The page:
How did capitalism begin? It has, of course, not always been present. And it is, in fact, a very new system for producing and distributing things that are useful to humans. The recently late cultural theorist Ellen Meiksins Wood located the birth of capitalism in a set of significant structural (legal/economic) changes in late-17th century rural England. These changes spread to the cities and, finally, the rest of the world. In The Invention of Capitalism, agricultural economist Michael Perelman makes a similar argument. Land-use laws changed dramatically. The poor in England were no longer able to freely draw use values from public or wild areas. They became dependent on the market economy to obtain all of the necessities of life.

This dependency on the market put downward pressure on wages because it produced a massive reservoir of surplus labor. When a lot of this surplus escaped to the New World, it found enough land and open wilderness (or, better yet, what it imagined to be untouched land) to raise the value of its labor. This is Perelman's hypothesis. But I have one of my own. It began to take shape this summer when I realized that the period of Dutch economic hegemony (basically the 17th century) owed a lot of its success to profits generated from the mass production, distribution, and consumption of foods and substances with very little or no dietary value: tobacco, tea, coffee, sugar. Later, opium and coco joined the emptiness club. In short, capitalism, which matures in 19th-century Britain, could not be established without cheap stimulants.

Why was this the case? Because these foods and substances are addictive? And if so, what made them addictive? Capitalism or the properties of these items or both? This became my best guess: The unnatural temporal rationality of capitalist production and reproduction necessitated a break with the seasonal rhythms that humans had adapted to in various parts of world during the long Out of Africa migration. The suddenness of the transition from deep-time rhythms to capitalist rational temporality required the assistance of stimulants, many of which were initially the vices of the rich (such as the addiction to sugar). These empty foods and substances were made accessible first to the middle classes (the Dutch moment), and then to the poor and working classes that were introduced to the factory system (the British moment).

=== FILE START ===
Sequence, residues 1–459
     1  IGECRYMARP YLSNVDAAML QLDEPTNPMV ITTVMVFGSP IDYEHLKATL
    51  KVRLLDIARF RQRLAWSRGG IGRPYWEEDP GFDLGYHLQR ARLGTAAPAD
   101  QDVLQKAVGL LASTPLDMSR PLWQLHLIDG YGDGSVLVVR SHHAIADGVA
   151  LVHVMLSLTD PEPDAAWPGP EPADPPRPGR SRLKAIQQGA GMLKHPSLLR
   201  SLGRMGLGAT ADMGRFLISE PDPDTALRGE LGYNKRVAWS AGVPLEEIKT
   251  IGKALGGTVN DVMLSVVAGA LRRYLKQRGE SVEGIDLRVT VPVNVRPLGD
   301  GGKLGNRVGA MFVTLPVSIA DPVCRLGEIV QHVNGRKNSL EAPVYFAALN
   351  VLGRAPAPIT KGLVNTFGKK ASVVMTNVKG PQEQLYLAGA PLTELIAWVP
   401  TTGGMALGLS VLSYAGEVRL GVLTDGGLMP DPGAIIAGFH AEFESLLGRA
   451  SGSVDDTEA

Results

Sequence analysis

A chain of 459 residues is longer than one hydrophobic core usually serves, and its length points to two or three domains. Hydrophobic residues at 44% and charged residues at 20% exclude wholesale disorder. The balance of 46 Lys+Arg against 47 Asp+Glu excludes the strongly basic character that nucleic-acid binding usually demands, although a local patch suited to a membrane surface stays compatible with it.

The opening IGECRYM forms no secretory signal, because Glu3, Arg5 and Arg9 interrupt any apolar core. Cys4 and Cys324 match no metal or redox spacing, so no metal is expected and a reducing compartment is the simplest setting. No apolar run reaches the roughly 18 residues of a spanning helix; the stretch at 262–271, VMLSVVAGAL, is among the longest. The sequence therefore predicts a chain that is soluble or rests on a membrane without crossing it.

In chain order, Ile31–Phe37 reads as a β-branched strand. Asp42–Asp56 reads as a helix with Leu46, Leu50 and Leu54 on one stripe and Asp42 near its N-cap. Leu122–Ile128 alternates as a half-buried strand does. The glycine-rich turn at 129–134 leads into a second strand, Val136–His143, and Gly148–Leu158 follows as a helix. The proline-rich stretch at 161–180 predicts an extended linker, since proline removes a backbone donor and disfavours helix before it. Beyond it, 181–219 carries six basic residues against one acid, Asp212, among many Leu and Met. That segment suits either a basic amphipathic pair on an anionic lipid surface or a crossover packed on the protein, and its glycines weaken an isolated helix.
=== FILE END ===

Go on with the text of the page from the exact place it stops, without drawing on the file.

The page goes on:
I spent much of the last two months looking for a book or academic paper that would either improve or disprove my hypothesis. I eventually found a book. It's new, it's by a British historian Lizzie Collingham (she has a supple yet pragmatic style of writing), and it's called The Taste of Empire: How Britain's Quest for Food Shaped the Modern World.

Collingham's book provided my stimulant/invention of the capitalism hypothesis with indirect confirmation, as its main mode is descriptive. Collingham describes the kinds of foods that were made, distributed, and consumed by the subjects of Empire. What did black African slaves eat? What did their white owners eat? What did the Founding Fathers and pioneers eat? What did English laborers eat? Sailors in the navy? Or Irish farmers? Or colonial officers in India?

Tea plays a big role in the standardized diet of Empire. And not for it's nutritional value (it almost has none), but for its comfort value. Workers synced to the industrial system drank lots of tea with lots of sugar because the comfort that the beverage supplied was cheap and immediate. Collingham also explains that rum served a similar purpose in the slave economy of the American colonies. The switch from foods with high nutritional value (beer, for example) to those with little or none but with high comfort value (tea, for example) corresponds with the rise of capitalism. (For Collingham, these comforts are not only stimulants but also repressants—they repress hunger, repress the stomachs demands for real and often costly foods.)

I plan to say more about Collingham's book in the future, but I'm going to make a leap at this point. I see some connection between this history of empty or comfort foods and the continued support Trump is receiving from his base. "In the heart of Trump Country, his base’s faith is unshaken," says an AP story published in the Seattle Times. The "allegiance" to a leader who has done nothing for nearly all of his followers is almost entirely "emotional" and not, as the AP reporter adds, "economic." What Trump supplies his base with, and what they appear to be addicted to, are the easily accessed comforts of "God, guns, patriotism, and saying 'Merry Christmas' and not 'Happy Holidays.'" The reason these ideological stimulants are strong enough to suppress deeper desires or demands for a more equitable redistribution of socially produced wealth is they have very low emotional and mental costs. The mental value of, say, winning the War on Christmas can be connected with the low dietary value of a cup of tea in the context of Empire.

But this may not be a fair comparison for a number of reasons, the main of which being tea as a stimulant does have some nutritional value, and also it was adopted by almost all of the subjects of Empire. In Zimbabwe, for example, a former British colony, the industrialized working-class black Africans also resorted to the brief comforts of super-sweetened tea. But in the US of our times, only certain working- middle-class whites are stimulated and comforted by Trump's mental nothingness.